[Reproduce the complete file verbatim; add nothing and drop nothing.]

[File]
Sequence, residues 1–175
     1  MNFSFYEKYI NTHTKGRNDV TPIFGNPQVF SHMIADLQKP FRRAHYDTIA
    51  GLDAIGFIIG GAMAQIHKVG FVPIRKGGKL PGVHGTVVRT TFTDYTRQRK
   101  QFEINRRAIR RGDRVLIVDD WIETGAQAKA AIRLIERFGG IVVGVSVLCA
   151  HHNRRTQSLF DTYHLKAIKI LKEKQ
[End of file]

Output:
Sequence, residues 1–175
     1  MNFSFYEKYI NTHTKGRNDV TPIFGNPQVF SHMIADLQKP FRRAHYDTIA
    51  GLDAIGFIIG GAMAQIHKVG FVPIRKGGKL PGVHGTVVRT TFTDYTRQRK
   101  QFEINRRAIR RGDRVLIVDD WIETGAQAKA AIRLIERFGG IVVGVSVLCA
   151  HHNRRTQSLF DTYHLKAIKI LKEKQ